New South Wales comes out of its lockdown and our first fine dine of the season is at Babyface Kitchen, one of only three or four restaurants in the Illawara region to boast a tasting menu.
We start off with the classic sourdough bread and cultured butter. This was exactly as advertised, with nary a hint of innovation.
The snacks course was next.
My favourite of this was the honey bug in bug sauce, grilled over charcoal. The meat of the bug was very similar to other bugs, but what stood out was the deeply umami sauce that surrounded it. It was so good that I actually chewed and ate much of the shell just so that I could taste the sauce that coated it. My girlfriend made fun of me for this, before succumbing and having her own nibble. It’s all just chitin and calcium carbonate after all, and probably not even 1.2g BD of the stuff.
The deboned chicken wing on wasabi leaf didn’t quite do it for us, which was surprising as chicken is my most commonly eaten source of animal protein. I think that outside of extreme desert dryness chicken is something that’s easy to do reasonably well, but I also think that the strength of the mighty chicken wing is not only in its quality but also in its quantity, and the fact that you can just eat like ten or fifteen of them in one sitting. While I understand the whole concept of serving small foods in large plates, having half, maybe one chicken wing fried in a way that did not excite and sitting pretty on a leaf just doesn’t do it for me.
The beef tartare tart was not only a mild play on words, but also the first time I’ve had raw meat in a long time. I trust a restaurant’s ability to not give me EHEC much more than I trust my own. My only complaint here is that it came and went too quickly.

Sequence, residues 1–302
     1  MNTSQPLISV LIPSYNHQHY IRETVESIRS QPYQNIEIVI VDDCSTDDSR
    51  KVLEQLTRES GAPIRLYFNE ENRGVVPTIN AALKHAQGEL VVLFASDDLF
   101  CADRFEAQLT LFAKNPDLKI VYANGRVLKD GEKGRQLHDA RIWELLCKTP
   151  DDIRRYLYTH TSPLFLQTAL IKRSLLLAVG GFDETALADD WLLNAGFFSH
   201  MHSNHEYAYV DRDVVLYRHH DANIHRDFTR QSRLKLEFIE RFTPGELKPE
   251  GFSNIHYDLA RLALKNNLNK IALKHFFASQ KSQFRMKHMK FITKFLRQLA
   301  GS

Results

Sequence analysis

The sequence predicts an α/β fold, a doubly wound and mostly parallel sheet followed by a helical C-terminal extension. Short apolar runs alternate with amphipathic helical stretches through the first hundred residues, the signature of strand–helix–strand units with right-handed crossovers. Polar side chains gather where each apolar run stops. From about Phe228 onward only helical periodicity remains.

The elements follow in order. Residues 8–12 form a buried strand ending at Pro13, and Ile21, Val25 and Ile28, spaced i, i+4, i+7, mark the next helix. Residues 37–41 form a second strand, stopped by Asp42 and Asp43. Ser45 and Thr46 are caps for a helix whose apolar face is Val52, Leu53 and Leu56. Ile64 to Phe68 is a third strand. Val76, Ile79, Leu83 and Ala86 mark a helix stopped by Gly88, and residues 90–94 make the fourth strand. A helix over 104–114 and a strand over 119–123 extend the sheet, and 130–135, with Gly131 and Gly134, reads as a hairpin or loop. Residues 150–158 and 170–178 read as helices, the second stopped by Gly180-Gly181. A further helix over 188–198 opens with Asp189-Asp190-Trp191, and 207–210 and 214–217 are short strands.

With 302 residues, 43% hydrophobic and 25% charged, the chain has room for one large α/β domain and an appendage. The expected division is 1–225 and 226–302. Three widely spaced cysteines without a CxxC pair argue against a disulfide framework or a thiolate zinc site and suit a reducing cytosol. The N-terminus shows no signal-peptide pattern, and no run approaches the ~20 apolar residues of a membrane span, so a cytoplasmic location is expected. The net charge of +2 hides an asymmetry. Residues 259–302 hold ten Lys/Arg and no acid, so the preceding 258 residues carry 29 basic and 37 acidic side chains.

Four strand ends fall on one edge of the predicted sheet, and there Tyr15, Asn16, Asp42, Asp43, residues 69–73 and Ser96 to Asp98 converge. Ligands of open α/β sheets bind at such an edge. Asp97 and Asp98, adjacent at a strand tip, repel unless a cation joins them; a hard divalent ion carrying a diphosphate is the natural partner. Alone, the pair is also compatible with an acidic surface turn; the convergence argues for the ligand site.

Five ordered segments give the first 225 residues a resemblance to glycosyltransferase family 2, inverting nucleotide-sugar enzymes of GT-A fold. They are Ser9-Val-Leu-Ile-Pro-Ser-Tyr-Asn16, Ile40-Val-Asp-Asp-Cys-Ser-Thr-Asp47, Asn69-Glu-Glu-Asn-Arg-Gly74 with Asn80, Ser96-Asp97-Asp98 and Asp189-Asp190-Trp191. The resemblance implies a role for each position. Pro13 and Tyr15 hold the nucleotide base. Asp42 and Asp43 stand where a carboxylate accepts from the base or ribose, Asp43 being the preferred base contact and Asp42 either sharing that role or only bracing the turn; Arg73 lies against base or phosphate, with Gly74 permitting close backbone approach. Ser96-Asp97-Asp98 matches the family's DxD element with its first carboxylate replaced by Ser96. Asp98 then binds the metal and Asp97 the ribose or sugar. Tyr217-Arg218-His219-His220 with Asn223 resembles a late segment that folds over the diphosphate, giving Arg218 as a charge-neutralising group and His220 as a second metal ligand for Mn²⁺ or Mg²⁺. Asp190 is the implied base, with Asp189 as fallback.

The tea light I accidentally knocked and spilled into the pool of water surrounding it. Tell me you’re poor without telling me you’re poor.
Our snack course was followed by an oddly-timed palate cleanser of fresh pineapple topped with passionfruit lemon myrtle sorbet and zest of blood orange. My partner enjoyed this fresh tart treat (mostly enjoying being able to eat pineapple without the drama of cutting it open and preparing it), but personally I didn’t feel like my palate was so dirty after a piece of bread and three snacks that it needed cleansing.
Our second bread of the night was made of 50% potato flour and lathered in marron butter. I was quite happy with this bread, and found that it had an unsurprising blini like quality. I was however an idiot and ate most of the bread by itself, rather than with the rest of this course.
The aforementioned bread was served with Western Australian Marrow in XO Sauce. I have some feelings about this dish, but the general vibe is that I felt much less spoken down to than when I went to Quay, which was the last time I had marron at a restaurant. Positive elements of the Babyface dining experience included the larger size of the marron, the interesting and fresh tasting accompaniment of white asparagus, Newcastle greens (a microgreen growery), and ice plant (wow! it looks like it’s covered in ice! You can feel the ice buds with your tongue!), and the fact that no one tried to explain to me that yes, we are indeed in Australia. The sauce was enjoyable and had good umami flavour, however in no way would I describe it as an “XO” sauce, a label which generally hints at a bit of spice and a whiff of scallop. I also found myself wanting for a spoon, a utensil that was provided in plenty at the bread and snack courses but not at the course that actually had a bit of soup. My fault for not saving my bread to mop it up.